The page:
Animal Control will only remove wild snakes that are in the living areas of your home. Native snakes that are outside should be left alone. Animal Control will pick up domestic/pet/exotic snakes which have escaped from their homes. 

10. What should I do if I see a wild snake in my yard?

Leave it alone. They are just as afraid of us as we are of them and will go on their way if not threatened. 

11. But aren't snakes poisonous and a danger to my children or pets?

The only venomous snake native to Northern Virginia is the copperhead snake. Mostly what we see in the City of Fairfax are black rat snakes, brown rat and water snakes, mole snakes, and garter snakes. These are all non-venomous and not a threat. Most snakes will only bite if provoked. If you leave them alone they will leave you alone. 

RABIES
 
1. How is rabies transmitted? 

Rabies is only transmitted through the saliva of an infected animal. When a human or animal has contact with an infected animal's saliva through a bite wound or by saliva entering an existing open wound or mucous membrane (i.e. mouth, lips, eyes) than an exposure has occurred.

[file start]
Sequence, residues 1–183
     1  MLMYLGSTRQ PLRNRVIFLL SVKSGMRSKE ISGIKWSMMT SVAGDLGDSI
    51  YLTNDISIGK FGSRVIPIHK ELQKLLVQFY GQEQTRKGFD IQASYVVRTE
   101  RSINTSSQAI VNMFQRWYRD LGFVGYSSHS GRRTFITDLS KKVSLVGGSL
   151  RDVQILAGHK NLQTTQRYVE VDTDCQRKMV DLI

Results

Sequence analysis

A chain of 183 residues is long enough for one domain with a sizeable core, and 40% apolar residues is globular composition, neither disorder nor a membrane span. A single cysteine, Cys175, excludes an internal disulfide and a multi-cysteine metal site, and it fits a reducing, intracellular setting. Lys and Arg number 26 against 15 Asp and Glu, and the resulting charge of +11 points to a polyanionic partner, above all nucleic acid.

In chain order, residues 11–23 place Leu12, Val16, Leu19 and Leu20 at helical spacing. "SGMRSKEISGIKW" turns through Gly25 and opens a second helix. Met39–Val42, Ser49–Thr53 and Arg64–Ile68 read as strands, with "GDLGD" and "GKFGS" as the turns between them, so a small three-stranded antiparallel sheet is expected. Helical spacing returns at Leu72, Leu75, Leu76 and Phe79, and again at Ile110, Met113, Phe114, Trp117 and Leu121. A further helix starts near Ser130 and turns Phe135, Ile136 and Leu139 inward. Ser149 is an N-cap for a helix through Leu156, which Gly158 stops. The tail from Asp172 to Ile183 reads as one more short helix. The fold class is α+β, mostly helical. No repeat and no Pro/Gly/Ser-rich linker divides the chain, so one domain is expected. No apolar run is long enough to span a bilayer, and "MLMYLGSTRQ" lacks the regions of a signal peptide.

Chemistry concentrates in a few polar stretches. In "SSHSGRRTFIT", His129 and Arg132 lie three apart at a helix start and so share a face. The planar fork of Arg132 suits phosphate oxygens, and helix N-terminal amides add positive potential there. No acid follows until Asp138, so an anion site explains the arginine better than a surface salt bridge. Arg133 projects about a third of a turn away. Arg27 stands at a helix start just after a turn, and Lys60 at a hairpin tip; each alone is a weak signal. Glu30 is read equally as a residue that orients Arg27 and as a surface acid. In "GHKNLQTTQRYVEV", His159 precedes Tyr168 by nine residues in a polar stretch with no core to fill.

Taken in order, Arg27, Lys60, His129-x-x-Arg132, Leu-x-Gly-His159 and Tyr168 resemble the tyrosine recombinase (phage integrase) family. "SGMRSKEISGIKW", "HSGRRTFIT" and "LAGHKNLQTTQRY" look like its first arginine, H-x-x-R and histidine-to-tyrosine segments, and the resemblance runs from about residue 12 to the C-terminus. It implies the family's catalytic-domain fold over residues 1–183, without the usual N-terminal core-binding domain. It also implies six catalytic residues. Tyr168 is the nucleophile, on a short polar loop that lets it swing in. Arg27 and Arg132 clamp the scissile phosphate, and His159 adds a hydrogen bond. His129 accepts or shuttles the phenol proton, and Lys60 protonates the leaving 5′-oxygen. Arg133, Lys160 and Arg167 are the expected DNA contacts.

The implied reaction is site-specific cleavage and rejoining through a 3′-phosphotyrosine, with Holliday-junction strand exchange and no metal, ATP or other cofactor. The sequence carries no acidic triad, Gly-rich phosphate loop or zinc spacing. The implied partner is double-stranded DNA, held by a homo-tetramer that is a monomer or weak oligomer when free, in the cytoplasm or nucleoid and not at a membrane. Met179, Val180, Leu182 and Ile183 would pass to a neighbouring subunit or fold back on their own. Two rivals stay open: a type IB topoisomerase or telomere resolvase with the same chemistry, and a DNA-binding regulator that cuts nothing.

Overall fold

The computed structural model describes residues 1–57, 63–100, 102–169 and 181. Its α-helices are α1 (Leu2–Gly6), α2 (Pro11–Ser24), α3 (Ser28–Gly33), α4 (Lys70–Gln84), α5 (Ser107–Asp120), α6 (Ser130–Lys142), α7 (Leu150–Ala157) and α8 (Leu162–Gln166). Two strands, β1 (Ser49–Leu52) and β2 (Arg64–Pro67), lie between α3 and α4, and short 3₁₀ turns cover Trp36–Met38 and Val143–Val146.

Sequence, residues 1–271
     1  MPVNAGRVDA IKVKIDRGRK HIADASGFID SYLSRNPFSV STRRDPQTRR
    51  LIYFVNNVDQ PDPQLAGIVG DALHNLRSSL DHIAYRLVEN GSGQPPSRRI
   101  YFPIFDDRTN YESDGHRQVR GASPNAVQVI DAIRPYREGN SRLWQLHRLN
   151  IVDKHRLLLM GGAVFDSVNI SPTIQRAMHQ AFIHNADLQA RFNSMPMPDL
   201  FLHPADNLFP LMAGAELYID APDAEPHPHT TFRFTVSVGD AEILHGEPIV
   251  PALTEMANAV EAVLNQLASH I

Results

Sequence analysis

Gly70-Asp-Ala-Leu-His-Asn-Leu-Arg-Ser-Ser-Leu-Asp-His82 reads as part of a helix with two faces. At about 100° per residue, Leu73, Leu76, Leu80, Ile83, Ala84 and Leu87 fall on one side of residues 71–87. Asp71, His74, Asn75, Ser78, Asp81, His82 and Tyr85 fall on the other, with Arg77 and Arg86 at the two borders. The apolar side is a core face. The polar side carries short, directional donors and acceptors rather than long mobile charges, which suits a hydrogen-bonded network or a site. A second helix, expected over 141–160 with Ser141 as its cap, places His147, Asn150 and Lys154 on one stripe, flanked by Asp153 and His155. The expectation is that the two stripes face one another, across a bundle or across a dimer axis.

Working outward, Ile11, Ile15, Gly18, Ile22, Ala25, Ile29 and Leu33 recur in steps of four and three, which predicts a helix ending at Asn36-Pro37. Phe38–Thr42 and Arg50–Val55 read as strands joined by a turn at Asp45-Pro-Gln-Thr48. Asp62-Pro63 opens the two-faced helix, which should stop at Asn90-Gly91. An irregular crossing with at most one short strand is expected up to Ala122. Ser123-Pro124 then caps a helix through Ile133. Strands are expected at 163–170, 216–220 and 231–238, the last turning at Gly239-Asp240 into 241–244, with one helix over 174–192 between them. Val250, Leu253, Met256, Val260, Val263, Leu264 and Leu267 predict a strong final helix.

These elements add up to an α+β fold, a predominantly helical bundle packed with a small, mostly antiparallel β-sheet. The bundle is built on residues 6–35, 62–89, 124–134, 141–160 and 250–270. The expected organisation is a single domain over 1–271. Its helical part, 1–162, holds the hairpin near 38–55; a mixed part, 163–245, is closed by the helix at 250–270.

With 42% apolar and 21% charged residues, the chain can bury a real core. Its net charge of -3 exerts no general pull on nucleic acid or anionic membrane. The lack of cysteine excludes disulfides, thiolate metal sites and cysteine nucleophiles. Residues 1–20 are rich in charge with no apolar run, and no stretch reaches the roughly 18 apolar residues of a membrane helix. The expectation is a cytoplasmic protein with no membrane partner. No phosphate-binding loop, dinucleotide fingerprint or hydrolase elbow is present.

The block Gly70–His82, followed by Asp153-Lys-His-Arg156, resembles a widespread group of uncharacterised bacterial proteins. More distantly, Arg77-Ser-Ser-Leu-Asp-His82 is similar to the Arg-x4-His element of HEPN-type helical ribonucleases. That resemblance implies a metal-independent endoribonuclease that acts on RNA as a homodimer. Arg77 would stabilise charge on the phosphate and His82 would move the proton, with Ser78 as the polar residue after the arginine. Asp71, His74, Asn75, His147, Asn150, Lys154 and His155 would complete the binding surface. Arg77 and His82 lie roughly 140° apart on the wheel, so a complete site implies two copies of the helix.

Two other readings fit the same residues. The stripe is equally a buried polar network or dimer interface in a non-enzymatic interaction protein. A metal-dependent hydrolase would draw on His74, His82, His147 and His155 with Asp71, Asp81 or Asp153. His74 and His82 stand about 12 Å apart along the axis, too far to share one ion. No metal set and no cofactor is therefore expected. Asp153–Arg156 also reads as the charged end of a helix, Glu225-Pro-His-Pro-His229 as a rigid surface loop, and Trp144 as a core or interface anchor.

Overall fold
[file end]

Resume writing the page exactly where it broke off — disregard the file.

2. What are some signs of rabies?

Falling down, stumbling, walking in circles, wobbly or off balance, walking with head hung down, snapping and barking at the air, hissing, snarling, growling, overly aggressive or overly friendly, and wandering or running toward people rather than away. Choking and salivating are not seen until the later stages of rabies, usually when the animal is no longer mobile.

3. What should I do if I am bitten by a wild animal?

Contact Animal Control and your physician immediately. Wash the bite area thoroughly with warm water and soap. Do not try to capture the animal yourself. Do try to stay aware of the animal's location if possible. Animal Control will make every attempt to capture a biting wildlife in order for rabies testing to be performed.

4. What animals carry rabies?

Only mammals can contract rabies. Those most likely to be seen with rabies or to spread the rabies virus are raccoons, foxes, skunks, coyotes, bats, and ground hogs. Stray/wild dogs and cats are also at high risk. Small rodents such as squirrels, mice, and rats are not considered to be common rabies carriers.

5. Is it true that all raccoons, foxes, etc. have rabies?

No. Although these animals are susceptible to contracting rabies it does not mean that they all are carrying the rabies virus.

6. What should I do if I find a bat in my house?